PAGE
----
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      • #4
        See if we can get sonicxtacy to pipe in here, but he has a setup where he pulls air from the rear of his car, and runs it through some duct to his dash to cool his PC. This type of setup might be useful here, as you can pull cooler air from the cabin and push it into the trunk area where the pc is perhaps?
        "stop with the REINSTALLS, what do you think we got some lame-o installer!!!" - mitchjs
        RevFE
        My Shop

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        • #5
          thanks people for the suggestions.

          do you think a water cooling set-up would be possible? how much power does a water cooling system need?
          2003 Mitsubishi Lancer CarPC Build Thread

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          • #6
            Originally posted by doncarbone View Post
            thanks people for the suggestions.

            do you think a water cooling set-up would be possible? how much power does a water cooling system need?
            having installed several water cooling systems and currently running one, I would say they're too high maintenance to have in a car, and water cooling can only cool to the ambient temperature of the air in the surroundings. Taken from a study that was done ( http://www.mydogiscool.com/x_car_study.php ) cars can get to 159F, or 70C, or even higher on the interior. The ambient temperature of the air blowing through the radiator for the water cooling setup would be 70C, so it'd already be past the temperature point of several processors. I think the best way would be to vent air from one of the baffels (trunks generally have 1-way baffels which allows air to be blown out (to assist when the trunk is slammed) but not blown in) You could rig a fan up to these, or get your air source from these baffels and throw it onto/into the motherboard/case. Just throwing some ideas out, it's 3am and I'm tired.. lol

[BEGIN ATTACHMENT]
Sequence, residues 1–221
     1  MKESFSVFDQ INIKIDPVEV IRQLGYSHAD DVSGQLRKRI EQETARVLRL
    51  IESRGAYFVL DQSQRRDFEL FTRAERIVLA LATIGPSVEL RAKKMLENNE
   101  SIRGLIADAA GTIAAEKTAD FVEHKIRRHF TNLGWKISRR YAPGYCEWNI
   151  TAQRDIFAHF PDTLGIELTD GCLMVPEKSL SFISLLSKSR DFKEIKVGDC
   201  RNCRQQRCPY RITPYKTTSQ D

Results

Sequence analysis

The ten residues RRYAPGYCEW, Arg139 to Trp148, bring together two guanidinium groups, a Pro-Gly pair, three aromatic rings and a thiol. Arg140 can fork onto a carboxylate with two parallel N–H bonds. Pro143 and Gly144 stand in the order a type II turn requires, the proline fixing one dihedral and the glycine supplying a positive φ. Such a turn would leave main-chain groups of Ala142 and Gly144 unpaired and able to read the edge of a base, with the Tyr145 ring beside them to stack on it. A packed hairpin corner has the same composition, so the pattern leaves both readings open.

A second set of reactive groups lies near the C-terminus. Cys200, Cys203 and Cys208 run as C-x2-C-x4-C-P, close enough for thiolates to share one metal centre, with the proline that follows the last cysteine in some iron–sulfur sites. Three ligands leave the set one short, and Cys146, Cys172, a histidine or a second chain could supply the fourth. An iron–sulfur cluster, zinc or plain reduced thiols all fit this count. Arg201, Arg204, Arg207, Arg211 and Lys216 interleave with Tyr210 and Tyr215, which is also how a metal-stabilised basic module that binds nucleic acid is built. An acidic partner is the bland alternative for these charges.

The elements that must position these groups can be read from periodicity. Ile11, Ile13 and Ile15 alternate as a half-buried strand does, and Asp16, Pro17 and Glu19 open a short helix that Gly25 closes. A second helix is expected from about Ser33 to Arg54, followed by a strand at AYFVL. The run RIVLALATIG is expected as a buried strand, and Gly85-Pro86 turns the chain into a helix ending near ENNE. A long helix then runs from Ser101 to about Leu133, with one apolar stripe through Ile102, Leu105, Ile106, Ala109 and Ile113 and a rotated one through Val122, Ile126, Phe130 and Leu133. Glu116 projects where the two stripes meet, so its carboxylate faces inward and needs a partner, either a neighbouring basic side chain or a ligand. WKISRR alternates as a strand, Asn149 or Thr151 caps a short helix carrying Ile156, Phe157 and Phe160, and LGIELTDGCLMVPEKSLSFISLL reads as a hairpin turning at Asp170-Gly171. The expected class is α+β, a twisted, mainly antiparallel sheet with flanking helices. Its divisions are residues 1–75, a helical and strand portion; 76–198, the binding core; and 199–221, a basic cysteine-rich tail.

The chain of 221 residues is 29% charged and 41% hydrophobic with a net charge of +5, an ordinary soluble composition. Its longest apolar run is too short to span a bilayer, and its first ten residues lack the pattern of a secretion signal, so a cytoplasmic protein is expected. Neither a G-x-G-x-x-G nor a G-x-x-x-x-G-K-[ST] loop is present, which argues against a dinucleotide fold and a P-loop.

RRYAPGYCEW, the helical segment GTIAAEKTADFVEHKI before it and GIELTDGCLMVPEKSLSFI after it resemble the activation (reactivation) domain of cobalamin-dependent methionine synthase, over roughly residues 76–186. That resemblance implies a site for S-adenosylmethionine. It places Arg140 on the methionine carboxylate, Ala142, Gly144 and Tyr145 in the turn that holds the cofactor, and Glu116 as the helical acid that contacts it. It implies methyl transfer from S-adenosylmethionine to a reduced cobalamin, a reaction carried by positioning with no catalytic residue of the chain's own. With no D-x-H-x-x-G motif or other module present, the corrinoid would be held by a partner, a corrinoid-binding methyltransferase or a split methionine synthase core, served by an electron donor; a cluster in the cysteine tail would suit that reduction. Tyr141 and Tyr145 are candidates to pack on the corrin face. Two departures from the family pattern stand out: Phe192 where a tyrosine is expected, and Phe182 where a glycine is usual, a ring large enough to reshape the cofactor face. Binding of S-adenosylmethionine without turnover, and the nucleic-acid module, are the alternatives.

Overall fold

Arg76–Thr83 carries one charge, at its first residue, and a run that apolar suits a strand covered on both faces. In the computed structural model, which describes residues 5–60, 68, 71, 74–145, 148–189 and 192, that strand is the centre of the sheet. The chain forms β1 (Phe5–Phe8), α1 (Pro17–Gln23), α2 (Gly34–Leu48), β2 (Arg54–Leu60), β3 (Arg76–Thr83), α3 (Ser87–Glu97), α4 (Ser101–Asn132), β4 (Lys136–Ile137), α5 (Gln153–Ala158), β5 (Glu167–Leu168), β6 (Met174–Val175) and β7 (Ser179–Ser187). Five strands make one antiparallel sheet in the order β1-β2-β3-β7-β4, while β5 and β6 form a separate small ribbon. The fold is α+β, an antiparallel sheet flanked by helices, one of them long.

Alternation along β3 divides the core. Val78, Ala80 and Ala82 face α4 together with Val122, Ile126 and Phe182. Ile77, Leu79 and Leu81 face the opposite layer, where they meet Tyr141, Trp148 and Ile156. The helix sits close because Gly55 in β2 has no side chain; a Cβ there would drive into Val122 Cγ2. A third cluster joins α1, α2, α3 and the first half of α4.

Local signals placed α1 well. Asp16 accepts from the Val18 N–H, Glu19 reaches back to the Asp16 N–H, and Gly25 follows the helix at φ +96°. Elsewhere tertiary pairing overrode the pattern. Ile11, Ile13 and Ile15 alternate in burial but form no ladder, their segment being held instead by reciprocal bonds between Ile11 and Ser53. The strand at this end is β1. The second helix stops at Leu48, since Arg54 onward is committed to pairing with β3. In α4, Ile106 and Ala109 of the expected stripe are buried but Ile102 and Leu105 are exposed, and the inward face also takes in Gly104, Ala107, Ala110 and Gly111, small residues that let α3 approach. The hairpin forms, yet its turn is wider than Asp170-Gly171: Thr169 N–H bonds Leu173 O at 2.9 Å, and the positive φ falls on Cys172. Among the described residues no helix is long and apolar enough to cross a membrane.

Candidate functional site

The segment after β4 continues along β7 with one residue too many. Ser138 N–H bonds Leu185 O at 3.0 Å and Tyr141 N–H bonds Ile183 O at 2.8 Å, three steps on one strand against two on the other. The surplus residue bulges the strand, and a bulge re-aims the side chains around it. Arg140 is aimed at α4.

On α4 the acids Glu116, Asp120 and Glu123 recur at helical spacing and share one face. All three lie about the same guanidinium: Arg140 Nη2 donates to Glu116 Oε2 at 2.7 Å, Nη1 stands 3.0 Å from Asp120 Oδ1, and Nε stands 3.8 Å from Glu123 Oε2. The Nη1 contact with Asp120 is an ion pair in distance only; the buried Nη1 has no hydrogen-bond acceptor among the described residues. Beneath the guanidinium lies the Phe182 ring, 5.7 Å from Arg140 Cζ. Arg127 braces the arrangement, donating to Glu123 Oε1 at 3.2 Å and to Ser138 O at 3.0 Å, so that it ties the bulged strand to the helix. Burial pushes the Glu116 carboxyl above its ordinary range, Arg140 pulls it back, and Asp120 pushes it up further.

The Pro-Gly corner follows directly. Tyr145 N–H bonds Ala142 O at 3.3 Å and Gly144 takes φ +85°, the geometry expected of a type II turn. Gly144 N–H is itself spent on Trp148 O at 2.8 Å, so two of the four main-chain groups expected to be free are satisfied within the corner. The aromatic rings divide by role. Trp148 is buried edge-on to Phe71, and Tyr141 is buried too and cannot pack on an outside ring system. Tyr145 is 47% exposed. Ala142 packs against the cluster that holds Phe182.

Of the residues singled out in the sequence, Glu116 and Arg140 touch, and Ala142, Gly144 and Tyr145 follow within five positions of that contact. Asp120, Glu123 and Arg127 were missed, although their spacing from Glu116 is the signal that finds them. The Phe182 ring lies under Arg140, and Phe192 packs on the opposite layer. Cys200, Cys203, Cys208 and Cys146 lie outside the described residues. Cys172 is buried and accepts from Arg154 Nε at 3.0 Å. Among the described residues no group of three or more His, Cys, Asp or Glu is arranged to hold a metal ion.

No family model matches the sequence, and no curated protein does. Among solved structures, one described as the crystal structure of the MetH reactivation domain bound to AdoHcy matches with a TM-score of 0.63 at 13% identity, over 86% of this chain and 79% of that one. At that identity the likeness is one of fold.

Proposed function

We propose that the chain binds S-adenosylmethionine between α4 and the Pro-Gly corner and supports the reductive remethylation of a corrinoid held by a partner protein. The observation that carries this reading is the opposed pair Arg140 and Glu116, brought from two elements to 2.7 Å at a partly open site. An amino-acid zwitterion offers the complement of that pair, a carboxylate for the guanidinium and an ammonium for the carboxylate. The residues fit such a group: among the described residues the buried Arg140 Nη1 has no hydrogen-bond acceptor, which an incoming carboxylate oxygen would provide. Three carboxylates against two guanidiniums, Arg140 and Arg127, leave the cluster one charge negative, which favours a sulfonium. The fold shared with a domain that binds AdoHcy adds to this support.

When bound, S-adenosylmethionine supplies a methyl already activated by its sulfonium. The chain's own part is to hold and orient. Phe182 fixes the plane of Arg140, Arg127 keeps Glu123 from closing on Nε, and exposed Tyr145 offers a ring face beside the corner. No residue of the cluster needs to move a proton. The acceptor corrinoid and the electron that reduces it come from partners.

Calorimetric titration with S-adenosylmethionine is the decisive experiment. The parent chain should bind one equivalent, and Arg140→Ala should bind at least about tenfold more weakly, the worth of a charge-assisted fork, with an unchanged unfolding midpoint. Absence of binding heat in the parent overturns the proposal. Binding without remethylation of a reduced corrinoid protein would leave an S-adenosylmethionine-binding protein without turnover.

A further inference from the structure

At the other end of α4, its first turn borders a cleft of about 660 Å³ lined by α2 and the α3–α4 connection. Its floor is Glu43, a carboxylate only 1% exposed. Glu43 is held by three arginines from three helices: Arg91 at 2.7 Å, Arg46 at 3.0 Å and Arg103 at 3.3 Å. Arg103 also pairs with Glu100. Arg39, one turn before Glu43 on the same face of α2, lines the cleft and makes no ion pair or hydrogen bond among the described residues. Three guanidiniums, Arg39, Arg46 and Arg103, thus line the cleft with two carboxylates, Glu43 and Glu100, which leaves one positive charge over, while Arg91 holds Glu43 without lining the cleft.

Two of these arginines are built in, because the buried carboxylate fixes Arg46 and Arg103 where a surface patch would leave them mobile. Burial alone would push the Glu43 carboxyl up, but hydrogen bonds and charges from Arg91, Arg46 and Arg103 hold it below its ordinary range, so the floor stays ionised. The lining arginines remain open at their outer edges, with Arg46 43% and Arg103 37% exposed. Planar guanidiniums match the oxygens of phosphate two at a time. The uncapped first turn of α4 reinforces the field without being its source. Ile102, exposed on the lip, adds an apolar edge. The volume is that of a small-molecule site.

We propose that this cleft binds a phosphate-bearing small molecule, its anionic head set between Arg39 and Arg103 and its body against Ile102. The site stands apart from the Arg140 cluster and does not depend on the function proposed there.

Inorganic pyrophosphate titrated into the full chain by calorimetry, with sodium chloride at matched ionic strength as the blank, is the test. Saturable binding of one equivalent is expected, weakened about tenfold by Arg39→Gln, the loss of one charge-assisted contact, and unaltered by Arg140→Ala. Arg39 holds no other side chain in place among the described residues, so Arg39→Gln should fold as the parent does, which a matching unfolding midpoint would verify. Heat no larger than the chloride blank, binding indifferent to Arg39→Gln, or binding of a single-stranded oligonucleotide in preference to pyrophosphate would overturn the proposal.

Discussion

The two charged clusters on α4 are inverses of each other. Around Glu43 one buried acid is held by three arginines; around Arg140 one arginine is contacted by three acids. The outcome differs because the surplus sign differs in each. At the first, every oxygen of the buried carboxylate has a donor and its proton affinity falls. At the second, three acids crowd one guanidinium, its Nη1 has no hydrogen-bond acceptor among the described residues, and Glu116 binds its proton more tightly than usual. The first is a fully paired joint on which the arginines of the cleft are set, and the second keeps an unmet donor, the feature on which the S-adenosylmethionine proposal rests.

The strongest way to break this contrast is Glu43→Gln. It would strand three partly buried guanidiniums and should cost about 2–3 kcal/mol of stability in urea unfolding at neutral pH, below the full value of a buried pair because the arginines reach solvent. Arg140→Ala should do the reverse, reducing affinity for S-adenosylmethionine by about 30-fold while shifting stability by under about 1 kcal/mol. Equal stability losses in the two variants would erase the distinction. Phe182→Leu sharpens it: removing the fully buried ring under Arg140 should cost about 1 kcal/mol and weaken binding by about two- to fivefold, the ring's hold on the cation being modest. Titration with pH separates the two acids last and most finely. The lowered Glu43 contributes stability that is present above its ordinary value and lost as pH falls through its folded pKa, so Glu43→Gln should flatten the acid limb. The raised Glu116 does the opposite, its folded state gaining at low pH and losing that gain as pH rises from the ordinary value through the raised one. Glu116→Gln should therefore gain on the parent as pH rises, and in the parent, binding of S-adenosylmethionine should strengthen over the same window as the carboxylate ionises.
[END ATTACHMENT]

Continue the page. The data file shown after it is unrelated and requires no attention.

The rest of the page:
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            • #7
              I might get this for my setup, maybe this might work for you also......

              http://www.xoxide.com/antec-k-hler-h...idcooling.html

              Comment


              • #8
                Liquid cooling does not add much over air, much debate... search around a bit. Air should do what you need.
                TruckinMP3
                D201GLY2, DC-DC power, 3.5 inch SATA

                Yes, you should search... and Yes, It has been covered before!

                Read the FAQ!

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                • #9
                  Originally posted by TruckinMP3 View Post
                  Liquid cooling does not add much over air, much debate... search around a bit. Air should do what you need.